The Power of the 72
By Jon Teter
How many of us believe that “the harvest is plentiful”? We look with our unaided eyes and see so many people going through the motions of life, pushing through the same routines, trying to live good lives. The kingdom of God is neither a priority nor a reality to those whom Jesus says are ripe for harvest. His perspective and vision are greater than that of the 72. I wonder if the original 72 rolled their eyes a bit and whispered to their neighbors, “What harvest is he talking about?” His eyes are very different, because he sees the spiritual dimension.
Jesus boldly trained and declared that some people are already open. I wonder what the tone in his voice was when he taught his friends that the harvest really is ripe. Fruit is present, full and falling off the trees. It’s absolutely great in quality and quantity. I think of the amazing image in Numbers 13, when Joshua and Caleb arrived back from the Promised Land carrying branches that bent under the weight of the fruit. So the problem is not a lack of fruit. The Holy Spirit has already been at work, sometimes for decades and decades, preparing unbelievers to the point that they can be described as ripe fruit. They are juicy, colorful and waiting to be picked.
But there aren’t enough people to pick the fruit. We might believe and live as though the problem is that people aren’t open to the gospel. But the real problem is the labor force. The product of the gospel is incredible, and the demand for the gospel is overwhelming; unfortunately, the distribution channels are very limited for delivering the gospel to sinners on whom God is at work to redeem.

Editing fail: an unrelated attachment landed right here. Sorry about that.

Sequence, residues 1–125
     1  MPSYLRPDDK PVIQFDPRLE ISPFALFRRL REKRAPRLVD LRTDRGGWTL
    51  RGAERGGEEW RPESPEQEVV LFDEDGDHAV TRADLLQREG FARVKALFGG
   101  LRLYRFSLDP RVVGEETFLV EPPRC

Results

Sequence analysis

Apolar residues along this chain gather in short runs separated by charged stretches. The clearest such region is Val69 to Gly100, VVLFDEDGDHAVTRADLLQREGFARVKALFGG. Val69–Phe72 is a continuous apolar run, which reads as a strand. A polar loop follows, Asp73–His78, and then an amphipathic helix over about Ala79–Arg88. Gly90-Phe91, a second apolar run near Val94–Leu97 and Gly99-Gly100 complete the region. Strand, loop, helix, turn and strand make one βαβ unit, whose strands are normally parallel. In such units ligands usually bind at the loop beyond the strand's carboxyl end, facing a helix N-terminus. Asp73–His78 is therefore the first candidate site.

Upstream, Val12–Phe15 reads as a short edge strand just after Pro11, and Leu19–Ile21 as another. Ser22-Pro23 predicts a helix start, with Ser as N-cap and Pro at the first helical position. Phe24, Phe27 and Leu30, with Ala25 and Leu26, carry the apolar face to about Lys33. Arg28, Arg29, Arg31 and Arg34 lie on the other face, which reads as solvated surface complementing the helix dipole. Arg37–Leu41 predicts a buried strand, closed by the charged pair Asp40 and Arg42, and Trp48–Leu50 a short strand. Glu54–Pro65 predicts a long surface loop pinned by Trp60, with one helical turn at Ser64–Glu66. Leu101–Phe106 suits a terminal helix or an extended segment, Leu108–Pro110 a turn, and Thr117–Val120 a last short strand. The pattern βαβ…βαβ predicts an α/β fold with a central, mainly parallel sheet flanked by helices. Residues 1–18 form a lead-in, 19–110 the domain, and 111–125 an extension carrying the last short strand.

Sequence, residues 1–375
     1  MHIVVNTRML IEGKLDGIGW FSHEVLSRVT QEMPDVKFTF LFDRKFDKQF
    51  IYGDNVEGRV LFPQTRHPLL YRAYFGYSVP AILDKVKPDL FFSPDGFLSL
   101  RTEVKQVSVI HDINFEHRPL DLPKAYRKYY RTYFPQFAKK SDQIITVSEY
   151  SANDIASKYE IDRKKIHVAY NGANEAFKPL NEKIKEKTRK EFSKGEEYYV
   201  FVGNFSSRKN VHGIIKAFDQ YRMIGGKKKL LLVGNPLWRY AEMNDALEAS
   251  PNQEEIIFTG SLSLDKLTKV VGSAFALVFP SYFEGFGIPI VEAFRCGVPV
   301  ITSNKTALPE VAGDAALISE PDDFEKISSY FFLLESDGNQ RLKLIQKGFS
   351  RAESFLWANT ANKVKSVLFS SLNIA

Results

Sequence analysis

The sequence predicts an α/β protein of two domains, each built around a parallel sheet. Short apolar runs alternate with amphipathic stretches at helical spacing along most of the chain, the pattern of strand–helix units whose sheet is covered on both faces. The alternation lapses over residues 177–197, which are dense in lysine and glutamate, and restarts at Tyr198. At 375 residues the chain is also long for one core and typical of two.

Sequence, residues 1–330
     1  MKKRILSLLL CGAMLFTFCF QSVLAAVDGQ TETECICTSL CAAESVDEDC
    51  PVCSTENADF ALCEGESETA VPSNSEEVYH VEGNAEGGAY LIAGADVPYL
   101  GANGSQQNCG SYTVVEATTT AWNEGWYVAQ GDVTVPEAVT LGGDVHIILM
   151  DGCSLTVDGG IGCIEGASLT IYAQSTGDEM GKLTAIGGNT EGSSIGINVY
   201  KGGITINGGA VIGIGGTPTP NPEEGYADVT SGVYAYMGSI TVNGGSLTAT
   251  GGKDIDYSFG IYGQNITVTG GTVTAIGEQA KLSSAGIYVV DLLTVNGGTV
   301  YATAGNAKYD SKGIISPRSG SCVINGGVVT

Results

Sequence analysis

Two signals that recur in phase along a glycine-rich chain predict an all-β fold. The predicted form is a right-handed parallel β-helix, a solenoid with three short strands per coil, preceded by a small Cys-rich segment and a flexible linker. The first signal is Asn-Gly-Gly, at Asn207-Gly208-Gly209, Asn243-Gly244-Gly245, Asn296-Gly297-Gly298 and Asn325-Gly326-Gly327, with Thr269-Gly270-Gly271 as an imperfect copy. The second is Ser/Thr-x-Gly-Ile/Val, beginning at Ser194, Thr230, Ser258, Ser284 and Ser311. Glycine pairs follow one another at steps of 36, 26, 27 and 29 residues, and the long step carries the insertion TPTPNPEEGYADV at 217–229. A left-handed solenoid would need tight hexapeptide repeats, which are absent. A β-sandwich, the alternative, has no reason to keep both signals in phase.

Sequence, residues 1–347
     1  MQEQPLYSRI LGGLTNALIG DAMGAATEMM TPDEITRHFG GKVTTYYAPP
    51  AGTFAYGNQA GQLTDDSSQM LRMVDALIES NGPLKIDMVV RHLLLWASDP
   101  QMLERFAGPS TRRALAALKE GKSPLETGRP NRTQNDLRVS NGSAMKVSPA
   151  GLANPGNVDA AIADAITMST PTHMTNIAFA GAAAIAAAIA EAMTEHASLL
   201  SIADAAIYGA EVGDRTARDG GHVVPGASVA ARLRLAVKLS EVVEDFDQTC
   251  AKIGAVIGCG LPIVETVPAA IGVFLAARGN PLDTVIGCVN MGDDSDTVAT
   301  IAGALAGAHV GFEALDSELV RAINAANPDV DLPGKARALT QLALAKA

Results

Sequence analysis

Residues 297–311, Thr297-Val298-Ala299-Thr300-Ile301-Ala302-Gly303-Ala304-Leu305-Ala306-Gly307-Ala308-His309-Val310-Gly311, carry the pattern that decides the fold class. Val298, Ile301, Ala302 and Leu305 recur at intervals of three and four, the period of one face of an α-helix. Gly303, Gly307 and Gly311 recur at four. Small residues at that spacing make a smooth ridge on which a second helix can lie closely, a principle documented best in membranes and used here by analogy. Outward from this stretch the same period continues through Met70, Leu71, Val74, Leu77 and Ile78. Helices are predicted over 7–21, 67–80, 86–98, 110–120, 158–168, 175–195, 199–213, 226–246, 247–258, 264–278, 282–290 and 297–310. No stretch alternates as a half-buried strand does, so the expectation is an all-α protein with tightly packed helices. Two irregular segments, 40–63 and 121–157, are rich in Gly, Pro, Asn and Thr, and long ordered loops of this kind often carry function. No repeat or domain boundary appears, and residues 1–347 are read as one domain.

What is the biggest problem in the New Testament? Is it sin? I think not. We can all affirm that sin, with all of its insidious, destructive and demonic ways, causes ruin throughout our world on a daily basis. But theologically Jesus has taken care of sin. He has made the perfect one-time offering to the living God. John’s Gospel reminds us that it is indeed finished.
Is the biggest problem in the New Testament broken relationships? Unreconciled relationships, estrangement, unforgiveness and bitterness may be present and powerful in our lives. As Paul teaches in Ephesians 2, Jesus in his flesh has broken down the dividing wall of hostility (Eph. 2:14). Is the biggest problem in the New Testament financial greed and injustice? Paul taught that the love of money is the root of all evil (1 Tim. 6:10). As we study our world today, the gap between rich and poor has never been greater, but God is powerfully at work to lift the low and bring down the proud, sending the rich away empty-handed. Luke instructed that God’s plan is doing just fine, and having faith means finding ourselves on the right side of history.
No, the greatest problem in the New Testament is a labor distribution issue. It’s as though doctors, scientists and the smartest people in the global medical community have finally broken through with a cure for cancer. The medicine has been tested and proven, and the results are a clean bill of health for all infected. They have even figured out how to mass-produce the cure. But no one is there to deliver the message.